Conflict in the Commons: Towards a Political Economy of Corporate Involvement in Free and Open Source Software

Benjamin J. Birkinbine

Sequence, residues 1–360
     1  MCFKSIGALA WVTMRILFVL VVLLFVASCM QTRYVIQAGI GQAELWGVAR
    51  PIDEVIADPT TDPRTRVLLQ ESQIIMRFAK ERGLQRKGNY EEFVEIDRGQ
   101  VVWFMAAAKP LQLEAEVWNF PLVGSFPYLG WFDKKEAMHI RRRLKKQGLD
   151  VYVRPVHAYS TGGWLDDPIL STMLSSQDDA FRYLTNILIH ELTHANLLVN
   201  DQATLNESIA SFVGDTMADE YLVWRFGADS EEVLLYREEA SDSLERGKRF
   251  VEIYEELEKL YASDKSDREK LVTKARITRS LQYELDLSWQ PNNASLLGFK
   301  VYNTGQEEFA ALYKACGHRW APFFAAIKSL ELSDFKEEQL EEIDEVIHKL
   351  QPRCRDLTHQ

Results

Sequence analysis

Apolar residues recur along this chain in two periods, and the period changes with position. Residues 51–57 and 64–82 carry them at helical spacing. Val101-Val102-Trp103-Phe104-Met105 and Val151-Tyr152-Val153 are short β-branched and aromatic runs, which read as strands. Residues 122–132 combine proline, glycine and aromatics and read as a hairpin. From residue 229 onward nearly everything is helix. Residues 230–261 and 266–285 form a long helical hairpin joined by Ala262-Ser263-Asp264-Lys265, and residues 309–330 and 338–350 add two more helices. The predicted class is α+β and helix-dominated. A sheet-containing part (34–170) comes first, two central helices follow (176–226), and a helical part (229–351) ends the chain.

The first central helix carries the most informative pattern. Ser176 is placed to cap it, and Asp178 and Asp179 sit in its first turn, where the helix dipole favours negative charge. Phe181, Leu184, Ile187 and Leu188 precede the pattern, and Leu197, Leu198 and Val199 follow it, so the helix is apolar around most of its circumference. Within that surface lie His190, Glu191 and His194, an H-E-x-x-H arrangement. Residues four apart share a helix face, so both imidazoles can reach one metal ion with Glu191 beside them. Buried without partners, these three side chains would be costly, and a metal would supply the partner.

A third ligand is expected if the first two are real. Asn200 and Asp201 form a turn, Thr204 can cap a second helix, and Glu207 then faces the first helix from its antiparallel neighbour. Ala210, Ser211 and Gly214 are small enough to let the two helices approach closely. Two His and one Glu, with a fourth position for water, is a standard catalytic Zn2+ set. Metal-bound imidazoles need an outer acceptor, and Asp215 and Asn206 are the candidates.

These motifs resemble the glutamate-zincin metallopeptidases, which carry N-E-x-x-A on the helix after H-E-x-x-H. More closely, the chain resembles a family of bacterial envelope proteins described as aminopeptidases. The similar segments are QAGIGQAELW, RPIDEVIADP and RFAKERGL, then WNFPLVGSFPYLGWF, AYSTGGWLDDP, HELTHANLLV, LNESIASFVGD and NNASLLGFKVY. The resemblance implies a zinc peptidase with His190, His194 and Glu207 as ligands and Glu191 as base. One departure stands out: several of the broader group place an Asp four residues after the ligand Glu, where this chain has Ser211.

Free (libre) and open source software (FLOSS) gives users the right to study, modify, adapt, or improve upon software by granting access to the source code. Proprietary software, on the other hand, relies on restricting certain uses of software to protect the marketability of intellectual property. From its beginnings in the 1980s, FLOSS has provided a radical alternative to proprietary software and is generally heralded as one of the triumphs of commons-based peer production. However, corporations are becoming increasingly involved in FLOSS projects, which would seem to be a clash of interests. In this paper, I argue that the increasing corporate involvement in FLOSS projects potentially threatens the radical potential of FLOSS by directing commons-based development toward corporate goals. To date, the FLOSS community has been able to leverage its collective labor power to counteract such corporate maneuvering. This type of collective action relies on a class consciousness among software laborers that needs to be maintained if these strategies are to remain effective. To illustrate how these dynamics operate within the software industry, I focus on the acquisition of Sun Microsystems by Oracle and its consequences for FLOSS development.


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